DEUTSCH· KIAUTSCHOU GEBIET
Wilhelm II, German Emperor
Kiautschou Bay concession
Obverse: Chinese characters. Inscription within beaded circle.
China Kiaochow (Kiautschou) 5 and 10 Cents 1909
A study of Kiaochow history tells about the horrific circumstances leading to its take over by Germany in 1897. Kiaochow, with its many westernized spellings(Kiautschou, Kiao-chao, Kiauchau, Kiaochau, and others) was originally associated with Jiaozhou Bay in China's Yellow Sea. During its occupation by Germany, 5 and 10 cent coins were issued in small numbers and used for trade. The coins include Chinese characters as well as the German imperial eagle.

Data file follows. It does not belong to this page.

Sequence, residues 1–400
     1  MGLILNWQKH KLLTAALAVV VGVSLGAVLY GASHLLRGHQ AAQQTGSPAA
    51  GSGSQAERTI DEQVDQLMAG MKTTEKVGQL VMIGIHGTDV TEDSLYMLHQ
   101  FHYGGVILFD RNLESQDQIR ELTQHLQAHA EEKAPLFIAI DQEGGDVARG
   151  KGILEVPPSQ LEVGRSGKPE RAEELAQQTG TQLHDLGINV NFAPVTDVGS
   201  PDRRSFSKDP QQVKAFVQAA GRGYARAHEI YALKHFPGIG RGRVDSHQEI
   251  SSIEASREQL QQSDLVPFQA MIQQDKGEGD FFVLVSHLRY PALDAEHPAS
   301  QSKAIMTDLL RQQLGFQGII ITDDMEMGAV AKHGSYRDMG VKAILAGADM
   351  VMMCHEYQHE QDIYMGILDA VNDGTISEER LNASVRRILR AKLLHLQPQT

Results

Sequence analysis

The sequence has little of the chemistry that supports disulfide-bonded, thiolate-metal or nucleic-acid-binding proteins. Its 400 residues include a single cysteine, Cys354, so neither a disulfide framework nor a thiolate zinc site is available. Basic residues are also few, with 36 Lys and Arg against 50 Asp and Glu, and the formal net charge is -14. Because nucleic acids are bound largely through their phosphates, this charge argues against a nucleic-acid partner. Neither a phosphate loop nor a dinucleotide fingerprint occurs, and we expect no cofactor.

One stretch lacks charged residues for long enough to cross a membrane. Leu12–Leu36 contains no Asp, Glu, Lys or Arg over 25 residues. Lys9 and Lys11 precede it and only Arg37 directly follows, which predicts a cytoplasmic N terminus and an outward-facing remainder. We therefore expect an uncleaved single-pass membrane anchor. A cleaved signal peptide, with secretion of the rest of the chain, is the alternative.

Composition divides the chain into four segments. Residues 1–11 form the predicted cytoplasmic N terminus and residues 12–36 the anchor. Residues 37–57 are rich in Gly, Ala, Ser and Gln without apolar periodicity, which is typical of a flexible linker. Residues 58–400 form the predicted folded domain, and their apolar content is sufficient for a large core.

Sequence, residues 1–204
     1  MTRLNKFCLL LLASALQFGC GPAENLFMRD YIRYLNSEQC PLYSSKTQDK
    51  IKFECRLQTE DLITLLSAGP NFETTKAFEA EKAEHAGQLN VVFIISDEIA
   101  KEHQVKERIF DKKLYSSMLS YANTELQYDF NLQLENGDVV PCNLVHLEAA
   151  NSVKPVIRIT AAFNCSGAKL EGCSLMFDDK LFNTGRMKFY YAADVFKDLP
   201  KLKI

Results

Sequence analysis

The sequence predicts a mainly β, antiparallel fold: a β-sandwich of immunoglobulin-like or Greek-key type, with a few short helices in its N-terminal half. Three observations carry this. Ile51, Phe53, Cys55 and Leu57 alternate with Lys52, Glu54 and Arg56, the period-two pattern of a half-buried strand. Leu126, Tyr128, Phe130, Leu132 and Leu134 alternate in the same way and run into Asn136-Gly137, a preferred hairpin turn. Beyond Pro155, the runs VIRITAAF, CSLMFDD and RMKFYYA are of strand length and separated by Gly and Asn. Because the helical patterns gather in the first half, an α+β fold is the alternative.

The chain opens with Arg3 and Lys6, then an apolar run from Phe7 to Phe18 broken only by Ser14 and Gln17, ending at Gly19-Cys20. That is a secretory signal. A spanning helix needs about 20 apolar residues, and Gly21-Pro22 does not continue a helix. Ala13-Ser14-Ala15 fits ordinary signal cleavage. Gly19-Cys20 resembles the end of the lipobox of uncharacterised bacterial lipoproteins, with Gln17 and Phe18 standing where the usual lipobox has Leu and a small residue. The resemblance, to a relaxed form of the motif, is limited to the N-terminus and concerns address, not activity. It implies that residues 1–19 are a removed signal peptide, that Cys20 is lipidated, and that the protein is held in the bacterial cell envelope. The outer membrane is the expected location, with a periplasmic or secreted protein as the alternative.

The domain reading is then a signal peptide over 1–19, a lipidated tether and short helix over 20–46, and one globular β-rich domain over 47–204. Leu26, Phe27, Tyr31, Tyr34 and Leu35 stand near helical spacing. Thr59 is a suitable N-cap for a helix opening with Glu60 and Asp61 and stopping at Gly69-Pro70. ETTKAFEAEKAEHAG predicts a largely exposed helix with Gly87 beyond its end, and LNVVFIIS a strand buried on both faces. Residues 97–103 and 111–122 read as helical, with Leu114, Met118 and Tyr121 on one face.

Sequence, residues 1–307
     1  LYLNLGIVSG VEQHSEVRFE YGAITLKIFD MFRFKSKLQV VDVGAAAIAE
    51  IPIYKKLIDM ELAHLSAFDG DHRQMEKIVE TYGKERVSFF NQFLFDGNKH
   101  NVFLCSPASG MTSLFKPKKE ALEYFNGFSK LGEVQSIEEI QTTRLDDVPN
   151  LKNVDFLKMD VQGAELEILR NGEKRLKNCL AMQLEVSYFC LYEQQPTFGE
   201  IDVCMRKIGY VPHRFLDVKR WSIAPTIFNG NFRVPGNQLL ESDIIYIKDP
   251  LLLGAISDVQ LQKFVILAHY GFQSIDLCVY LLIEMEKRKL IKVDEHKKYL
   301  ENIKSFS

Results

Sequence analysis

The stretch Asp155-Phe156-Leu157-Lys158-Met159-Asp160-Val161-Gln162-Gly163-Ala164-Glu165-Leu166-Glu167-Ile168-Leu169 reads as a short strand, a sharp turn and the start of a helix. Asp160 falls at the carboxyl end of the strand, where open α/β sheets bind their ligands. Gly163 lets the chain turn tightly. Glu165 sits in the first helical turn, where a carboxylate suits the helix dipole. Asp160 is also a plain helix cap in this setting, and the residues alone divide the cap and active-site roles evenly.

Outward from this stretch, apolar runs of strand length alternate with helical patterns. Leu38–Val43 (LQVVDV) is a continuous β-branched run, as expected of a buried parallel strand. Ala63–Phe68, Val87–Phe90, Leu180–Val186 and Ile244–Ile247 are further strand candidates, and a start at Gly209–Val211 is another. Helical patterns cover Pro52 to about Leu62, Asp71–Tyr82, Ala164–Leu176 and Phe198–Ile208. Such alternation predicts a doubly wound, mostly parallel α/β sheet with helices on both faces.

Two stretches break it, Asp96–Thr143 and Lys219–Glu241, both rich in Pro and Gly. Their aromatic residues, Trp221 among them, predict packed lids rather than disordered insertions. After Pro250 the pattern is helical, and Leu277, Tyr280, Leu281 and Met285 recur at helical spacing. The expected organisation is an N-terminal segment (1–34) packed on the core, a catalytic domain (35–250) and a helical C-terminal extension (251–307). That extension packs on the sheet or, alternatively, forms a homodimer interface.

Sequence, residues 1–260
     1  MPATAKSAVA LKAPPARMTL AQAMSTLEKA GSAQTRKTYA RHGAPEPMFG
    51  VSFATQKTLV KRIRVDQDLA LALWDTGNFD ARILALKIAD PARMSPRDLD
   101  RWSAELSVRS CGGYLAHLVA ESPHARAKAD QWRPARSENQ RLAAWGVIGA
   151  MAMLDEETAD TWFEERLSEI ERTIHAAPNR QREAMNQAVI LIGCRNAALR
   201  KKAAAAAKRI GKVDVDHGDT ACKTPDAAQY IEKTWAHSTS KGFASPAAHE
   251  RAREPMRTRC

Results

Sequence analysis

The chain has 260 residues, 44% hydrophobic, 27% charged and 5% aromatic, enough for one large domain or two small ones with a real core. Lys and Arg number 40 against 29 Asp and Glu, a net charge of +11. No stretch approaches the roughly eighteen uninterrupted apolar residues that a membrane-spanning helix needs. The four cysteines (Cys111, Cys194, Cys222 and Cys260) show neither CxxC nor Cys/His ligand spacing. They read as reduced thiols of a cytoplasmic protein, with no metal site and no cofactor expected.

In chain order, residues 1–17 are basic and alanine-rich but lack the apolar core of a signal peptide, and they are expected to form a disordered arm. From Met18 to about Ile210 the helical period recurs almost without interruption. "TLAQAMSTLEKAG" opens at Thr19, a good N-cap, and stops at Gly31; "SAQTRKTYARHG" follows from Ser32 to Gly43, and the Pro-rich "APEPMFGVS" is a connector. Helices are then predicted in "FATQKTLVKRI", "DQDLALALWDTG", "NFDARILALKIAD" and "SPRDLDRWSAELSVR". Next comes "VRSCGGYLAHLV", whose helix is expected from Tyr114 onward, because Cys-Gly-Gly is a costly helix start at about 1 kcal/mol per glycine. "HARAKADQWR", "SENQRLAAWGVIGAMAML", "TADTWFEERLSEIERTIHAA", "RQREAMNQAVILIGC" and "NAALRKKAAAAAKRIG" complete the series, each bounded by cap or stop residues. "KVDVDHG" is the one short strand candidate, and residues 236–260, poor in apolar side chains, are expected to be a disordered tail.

The coinage of Kiaochou is restricted to two pieces thereby making it one of the least prolific fields from which numismatists may collect. Copper nickel coins of twenty-five percent nickel and seventy-five percent copper alloy were struck at the Berlin mint in Germany under the direction of Kaiser Wilhelm's mint-masters. These coins of five and ten cents denominations are all dated 1909 and bear on their obverse a German spread eagle with the inscription "Deutsch Kiautschou Gebiet" (German Kiaochou Territory) above and the date "1909" below. The coins' value appears to the left and right of the eagle. The reverse of these coins contain the Chinese inscription "Ta Der Guo Bao"(Germany's Currency) within an inner circle, and "Kiautschou, Ching Tao" (Kiaochou, Tsingtao) which appears in the border. The diameter of the five cent piece is 18.5 mm, while that of the ten cent coin is 21.5 mm. Mintage was restricted to 610,000 five cent and 670,000 ten cent pieces. The value of these coins was calculated on the basis of 100 cents being equal to one Mexican Silver Dollar. The Germans made these coins the sole legal tender coinage of the colony, forcing the Chinese to use them to the exclusion of the Chinese coins circulating elsewhere.